Album Review – Iced Earth – Plagues of Babylon (2014)
Availability: Spotify, Amazon, iTunes
Replicating a slow rhythmic heartbeat, Iced Earth draw in the listener in Plagues of Babylon with an image of the slaves slowly maneuvering themselves with a heavy weight on their shoulders, electric guitars long, drawn warring distressed, yet melodic. Then the drums pick up a determined pace, as if there is a change in the air, a revolution. Musically reminiscent of melodic metal, they direction is altered drastically to a fusion of heavy metal and power metal, the vocalist having a darker tone to the vocalists that have come before in that sound, touching lightly on death’s notorious growls.
Transforming quickly into speed and slash, Stu Block seems to be paying a subtle compliment to the ranges of Justin Hayward (Moody Blues, War of the Worlds), with a sympathetic, mournful cry when control is taken away, similar to Hayward being the voice of the people as the Martians invade Earth in Jeff Wayne’s War of the Worlds, demonstrating the subjectivity of slavery and oppression.
Soft tremors of the drums, with the first moving of the guitar strings introduce Demoncide, the harmonizing wide-ranging production simulate the sound of horse hooves stampeding, the volume of the thunderous slams growing louder, as if growing closer or perhaps a metaphorical reference to growing inner strength. Following on is a sudden change in musical direction, speed metal like structure, with a distant chugging in the background. Block’s vocals are not quite death metal, there are hints of heavy metal, there is a light gruffness. Quickly, his depth darkens with elements of vocal octaves found with Meat Loaf on tracks such as Bat Out Of Hell, and Do Anything For Love; harmonizing with him are traits from other metal genres, power and progressive metal, sampling segments heard in progressive rock bands, Genesis and Yes.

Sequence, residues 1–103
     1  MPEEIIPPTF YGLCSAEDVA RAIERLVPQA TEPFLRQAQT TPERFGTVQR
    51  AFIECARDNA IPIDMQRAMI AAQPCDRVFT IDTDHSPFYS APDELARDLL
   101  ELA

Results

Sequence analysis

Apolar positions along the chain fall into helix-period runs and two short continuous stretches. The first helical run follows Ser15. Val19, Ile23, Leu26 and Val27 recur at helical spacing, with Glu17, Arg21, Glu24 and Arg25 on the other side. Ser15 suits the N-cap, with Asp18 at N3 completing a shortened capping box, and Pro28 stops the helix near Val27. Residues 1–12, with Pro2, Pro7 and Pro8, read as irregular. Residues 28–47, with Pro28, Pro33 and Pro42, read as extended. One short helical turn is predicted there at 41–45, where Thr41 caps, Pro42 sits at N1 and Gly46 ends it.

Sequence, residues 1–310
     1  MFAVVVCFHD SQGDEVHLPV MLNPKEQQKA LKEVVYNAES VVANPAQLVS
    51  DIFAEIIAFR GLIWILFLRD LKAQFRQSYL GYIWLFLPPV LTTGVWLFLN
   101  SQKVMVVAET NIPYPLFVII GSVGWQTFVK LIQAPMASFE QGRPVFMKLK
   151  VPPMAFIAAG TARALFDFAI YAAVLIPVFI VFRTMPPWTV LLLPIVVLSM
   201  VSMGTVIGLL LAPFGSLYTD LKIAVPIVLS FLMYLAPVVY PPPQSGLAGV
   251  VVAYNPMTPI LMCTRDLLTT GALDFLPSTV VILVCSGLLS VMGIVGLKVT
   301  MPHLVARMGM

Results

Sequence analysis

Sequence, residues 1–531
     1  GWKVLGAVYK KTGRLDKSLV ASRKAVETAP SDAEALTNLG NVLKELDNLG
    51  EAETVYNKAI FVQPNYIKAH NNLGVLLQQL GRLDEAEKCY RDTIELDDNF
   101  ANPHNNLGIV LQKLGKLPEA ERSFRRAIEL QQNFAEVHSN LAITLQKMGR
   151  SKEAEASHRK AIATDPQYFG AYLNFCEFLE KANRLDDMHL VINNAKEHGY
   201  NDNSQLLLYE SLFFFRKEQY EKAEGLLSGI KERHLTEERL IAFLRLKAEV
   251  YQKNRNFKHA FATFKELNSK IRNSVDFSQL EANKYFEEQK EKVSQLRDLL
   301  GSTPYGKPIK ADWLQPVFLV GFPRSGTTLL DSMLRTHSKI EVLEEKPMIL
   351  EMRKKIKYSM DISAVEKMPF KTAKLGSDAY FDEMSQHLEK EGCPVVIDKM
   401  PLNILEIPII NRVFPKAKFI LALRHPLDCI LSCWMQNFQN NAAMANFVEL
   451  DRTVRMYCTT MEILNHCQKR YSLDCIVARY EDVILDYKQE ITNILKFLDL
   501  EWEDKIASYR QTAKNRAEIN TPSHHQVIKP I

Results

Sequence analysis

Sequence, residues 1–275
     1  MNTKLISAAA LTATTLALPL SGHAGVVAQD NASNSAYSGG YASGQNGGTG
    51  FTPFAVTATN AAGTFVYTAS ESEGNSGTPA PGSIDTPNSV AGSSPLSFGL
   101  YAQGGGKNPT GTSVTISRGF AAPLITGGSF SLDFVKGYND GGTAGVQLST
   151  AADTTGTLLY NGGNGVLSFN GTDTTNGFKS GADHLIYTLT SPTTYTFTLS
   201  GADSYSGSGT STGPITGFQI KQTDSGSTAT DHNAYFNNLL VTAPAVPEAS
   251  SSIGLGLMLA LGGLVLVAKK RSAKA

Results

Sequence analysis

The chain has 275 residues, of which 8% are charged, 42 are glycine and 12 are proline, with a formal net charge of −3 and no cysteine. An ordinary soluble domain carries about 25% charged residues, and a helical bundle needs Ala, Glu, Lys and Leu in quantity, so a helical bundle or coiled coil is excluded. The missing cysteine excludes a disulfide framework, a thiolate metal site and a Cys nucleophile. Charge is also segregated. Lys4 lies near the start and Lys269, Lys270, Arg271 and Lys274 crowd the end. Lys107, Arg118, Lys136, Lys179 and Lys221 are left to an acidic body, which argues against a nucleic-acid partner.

Culling’s electronic guitars with a unique fusion of humming (similar to that of orchestral piece The Flight of the Bumble Bee, one of the fastest creations in classic music) with soft chugging, with the drum beat starting off slow, but joins them in competitive speed. The vocals of Stu are mournful, and harmonious similar to the genres of speed, power, and melodic metal. They can also be compared to David Draiman of Disturbed and Device in Genesis’ cover Land of Confusion, and his own Haunted.
He speaks of the corruption of the times, whether that of present or past tense that is for the listener’s interpretation, being that the contemporary theory of slavery has evolved since its foundations to be of economical. Seele speaks of a time coming to an end, which implies that the control of the people have to endure is coming to a close, like a chapter.
Introducing elements of hard rock and classic metal, Among the Living Dead ventures into the distinctive instrumentals of Steve Hackett, and Piotr Grudzinski of progressive metal band Riverside, a prolonged, rhythmic, warring sound. Then suddenly, the rapid chugging, reminiscent of fast paced surf rock, where there is strong, yet subtle pull of the guitar strings which make the sound echo.
Returning to the adapting octaves of Meat Loaf, with gentle hints of Bruce Dickinson of Iron Maiden, touching heavily on the growling vocals of death metal, but clean cut to demonstrate the distress of the protagonist of the song’s narrative. Block then screams, transforming the sound creatively to different volumes, like a speaker switching back and forth, similar to the production make it so that one speaker the other has sound coming through it, while the other hasn’t, eluding to a physical phenomenon.